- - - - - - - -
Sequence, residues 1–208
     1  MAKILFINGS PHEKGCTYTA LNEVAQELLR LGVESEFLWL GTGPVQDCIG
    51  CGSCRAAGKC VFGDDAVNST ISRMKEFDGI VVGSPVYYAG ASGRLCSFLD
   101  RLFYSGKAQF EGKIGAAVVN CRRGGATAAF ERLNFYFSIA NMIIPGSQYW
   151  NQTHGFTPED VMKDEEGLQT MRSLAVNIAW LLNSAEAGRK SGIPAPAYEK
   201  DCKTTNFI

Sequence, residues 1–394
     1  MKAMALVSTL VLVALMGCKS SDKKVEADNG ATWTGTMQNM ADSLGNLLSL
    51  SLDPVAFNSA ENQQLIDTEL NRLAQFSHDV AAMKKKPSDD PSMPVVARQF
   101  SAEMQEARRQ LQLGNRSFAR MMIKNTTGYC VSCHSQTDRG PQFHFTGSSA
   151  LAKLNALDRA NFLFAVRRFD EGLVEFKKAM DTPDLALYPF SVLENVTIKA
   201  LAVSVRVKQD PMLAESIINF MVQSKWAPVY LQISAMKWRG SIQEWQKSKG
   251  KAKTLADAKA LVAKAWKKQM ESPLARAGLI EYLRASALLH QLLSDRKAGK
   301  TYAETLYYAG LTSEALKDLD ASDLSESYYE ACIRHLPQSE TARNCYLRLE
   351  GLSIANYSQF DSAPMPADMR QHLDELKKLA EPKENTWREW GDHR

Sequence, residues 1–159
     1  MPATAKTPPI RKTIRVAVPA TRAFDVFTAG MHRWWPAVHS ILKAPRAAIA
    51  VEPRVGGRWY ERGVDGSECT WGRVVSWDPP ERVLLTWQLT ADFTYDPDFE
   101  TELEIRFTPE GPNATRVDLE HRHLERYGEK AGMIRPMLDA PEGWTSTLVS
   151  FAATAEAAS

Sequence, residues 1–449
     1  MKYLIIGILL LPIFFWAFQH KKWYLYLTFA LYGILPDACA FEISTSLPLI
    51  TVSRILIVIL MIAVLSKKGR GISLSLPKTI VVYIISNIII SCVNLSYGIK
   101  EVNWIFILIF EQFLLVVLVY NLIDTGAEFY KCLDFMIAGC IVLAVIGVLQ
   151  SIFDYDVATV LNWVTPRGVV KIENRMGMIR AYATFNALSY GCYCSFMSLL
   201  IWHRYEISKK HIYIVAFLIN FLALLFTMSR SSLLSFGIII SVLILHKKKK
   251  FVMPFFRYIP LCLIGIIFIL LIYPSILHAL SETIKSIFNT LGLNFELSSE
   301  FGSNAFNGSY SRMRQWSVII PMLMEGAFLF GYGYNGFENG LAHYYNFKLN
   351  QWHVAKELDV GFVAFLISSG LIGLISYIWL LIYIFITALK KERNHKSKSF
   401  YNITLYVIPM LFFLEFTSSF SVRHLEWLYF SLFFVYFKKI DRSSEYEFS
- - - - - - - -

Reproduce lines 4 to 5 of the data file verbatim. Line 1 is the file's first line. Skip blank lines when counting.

   101  RLFYSGKAQF EGKIGAAVVN CRRGGATAAF ERLNFYFSIA NMIIPGSQYW
   151  NQTHGFTPED VMKDEEGLQT MRSLAVNIAW LLNSAEAGRK SGIPAPAYEK